SARS-CoV-2 coronavirus

SARS-CoV-2 (Renchinkhand/Creative Commons)

After announcing the fifth positive COVID-19 test in Lane County Tuesday night, Lane County Public Health provided details of the patient at a press conference Wednesday morning. The Eugene-Springfield woman, in her 40s, was reported to be stable and in communication with LCPH’s Communicable Disease Investigation Team. 

The woman is in her residence, LCPH spokesperson Jason Davis said, and abiding by all public health recommendations, including staying home.

Davis said that they believe the woman was first exposed March 7 from domestic travel in the state of Oregon. On March 9, she developed a dry cough and sore throat, later developing a fever on March 17. She went into a care provider and was tested on March 21.

Davis reported that labs conducted 222 tests for COVID-19 in Lane County, with 5 cases returning positive, as of early Wednesday.

The 222 tests were not representative of the full sample of tests coming from Lane County to various labs, Davis said. One of the largest labs, processing between 30 and 40 samples a day, is “batch reporting,” or saving up test results on the negative side for two to four days before reporting them, he said. 

However, Davis said, the positive results are received in real time. One lab is not reporting out negative results, and LCPH is working to make those numbers available.

“As we start to see these numbers really climb,” Davis said, “500, 600, 700 and beyond, then they will become less of an important factor in understanding the level of testing and really just assuming that testing is happening.”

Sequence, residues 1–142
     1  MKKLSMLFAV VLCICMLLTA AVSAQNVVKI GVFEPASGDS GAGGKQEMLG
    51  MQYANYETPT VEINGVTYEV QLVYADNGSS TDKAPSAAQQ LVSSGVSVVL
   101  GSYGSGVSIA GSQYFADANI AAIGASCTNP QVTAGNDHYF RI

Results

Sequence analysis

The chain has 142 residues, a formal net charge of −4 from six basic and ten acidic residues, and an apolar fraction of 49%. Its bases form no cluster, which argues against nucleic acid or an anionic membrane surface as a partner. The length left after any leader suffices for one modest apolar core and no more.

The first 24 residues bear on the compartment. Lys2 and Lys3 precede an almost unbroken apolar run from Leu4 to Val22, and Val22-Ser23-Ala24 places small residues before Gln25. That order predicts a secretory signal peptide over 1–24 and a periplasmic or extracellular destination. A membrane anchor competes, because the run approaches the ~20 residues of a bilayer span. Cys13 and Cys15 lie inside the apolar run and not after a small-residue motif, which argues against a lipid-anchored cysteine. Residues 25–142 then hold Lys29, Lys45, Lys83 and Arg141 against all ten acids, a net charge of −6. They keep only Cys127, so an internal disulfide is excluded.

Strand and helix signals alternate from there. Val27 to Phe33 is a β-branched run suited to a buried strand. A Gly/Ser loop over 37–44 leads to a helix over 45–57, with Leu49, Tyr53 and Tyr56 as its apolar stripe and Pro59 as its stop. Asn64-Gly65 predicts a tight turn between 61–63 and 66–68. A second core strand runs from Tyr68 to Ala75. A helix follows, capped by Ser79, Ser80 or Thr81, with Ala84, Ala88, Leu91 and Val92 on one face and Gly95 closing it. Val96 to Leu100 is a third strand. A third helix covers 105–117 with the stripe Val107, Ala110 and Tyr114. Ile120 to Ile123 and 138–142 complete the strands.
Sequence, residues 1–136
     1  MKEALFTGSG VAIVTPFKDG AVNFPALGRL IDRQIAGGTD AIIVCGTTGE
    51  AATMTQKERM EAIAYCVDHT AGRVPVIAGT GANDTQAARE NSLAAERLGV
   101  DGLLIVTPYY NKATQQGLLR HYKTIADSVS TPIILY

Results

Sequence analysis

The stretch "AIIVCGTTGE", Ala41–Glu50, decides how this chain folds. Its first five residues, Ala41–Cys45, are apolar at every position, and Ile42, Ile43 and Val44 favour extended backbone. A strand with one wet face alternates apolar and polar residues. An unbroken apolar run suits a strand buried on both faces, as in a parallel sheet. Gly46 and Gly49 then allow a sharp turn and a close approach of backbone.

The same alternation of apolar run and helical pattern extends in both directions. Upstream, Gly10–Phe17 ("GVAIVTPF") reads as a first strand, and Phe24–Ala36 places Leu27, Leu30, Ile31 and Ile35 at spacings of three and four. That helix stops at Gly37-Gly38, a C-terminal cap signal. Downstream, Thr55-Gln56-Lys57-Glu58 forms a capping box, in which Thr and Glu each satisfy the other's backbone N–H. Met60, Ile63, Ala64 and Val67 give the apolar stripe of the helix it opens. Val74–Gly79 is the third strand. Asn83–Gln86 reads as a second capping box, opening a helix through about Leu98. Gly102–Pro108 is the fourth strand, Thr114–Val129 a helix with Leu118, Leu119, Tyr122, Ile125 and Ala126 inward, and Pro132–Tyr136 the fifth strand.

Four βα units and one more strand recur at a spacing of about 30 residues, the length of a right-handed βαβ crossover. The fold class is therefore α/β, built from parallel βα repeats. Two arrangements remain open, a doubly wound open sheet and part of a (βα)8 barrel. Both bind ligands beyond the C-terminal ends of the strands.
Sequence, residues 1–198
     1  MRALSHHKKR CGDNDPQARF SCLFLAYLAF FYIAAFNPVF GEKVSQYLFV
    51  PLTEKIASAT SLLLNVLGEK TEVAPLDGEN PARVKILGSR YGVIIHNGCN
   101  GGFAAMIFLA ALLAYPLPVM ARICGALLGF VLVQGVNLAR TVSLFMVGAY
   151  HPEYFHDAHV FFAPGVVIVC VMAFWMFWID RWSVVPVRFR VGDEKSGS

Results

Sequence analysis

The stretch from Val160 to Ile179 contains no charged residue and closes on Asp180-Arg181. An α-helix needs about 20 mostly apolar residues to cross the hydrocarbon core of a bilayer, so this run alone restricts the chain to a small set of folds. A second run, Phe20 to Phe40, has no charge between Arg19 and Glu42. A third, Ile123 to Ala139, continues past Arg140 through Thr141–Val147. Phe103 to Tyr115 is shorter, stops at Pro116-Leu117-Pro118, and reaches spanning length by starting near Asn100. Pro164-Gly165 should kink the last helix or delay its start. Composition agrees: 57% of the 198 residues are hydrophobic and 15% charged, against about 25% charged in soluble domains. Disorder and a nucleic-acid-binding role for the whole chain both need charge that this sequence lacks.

LCPH does not report specific cities or neighborhoods that feature COVID-19 cases. “You hear a lot about patient privacy and how important that is. For us at Public Health, it’s not only the law, it’s also central for us to build that trust in our community so that people can feel free to share information with us, which will help us in responding better,” Davis said.

“If we feel as though an individual was not abiding by public health procedure or we couldn’t count on them to help prevent the spread of COVID,” he said, “then that would be the situation where we would weigh whether or not to share more information.” 

He said that everyone who tested positive has complied with Public Health guidelines to prevent the spreading of COVID-19.

Davis said that their “big stack” of Personal Protective Equipment, located at LCPH’s North Delta Highway warehouse, totaled 101,000 pieces. He clarified that some of that number comes from nitrile gloves, which can come in packs of 50 to 100. “It’s not like we have 101,000 masks, per se.” 

“But it’s a great start,” he said.

Davis said LCPH purchased almost 50 gallons of hand sanitizer from local distilleries, Thinking Tree Spirits in Eugene and Springfield-based Swallowtail Spirits. The sanitizer will go out to first responders to supplement their needs. 

State public labs made verification panels available for several labs, including Oregon Health and Science University, Kaiser and Providence Lab, Davis said. The verification panel, he said, serves as a type of test that state labs can administer to give FDA approval to other labs. By having other labs certified, Davis said that there will be less pressure placed on one individual lab and allow more testing.

“Our hospitals are in good shape,” he reported, with preparation beginning in early February between hospitals and LCPH. “As of today, they are stable.”